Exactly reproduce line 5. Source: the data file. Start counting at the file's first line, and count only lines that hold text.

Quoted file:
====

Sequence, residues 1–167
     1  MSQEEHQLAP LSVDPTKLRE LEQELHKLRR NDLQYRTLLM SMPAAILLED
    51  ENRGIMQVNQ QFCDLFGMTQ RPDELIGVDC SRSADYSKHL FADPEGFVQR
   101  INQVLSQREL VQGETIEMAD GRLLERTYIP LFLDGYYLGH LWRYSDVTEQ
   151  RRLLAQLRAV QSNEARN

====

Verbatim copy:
   151  RRLLAQLRAV QSNEARN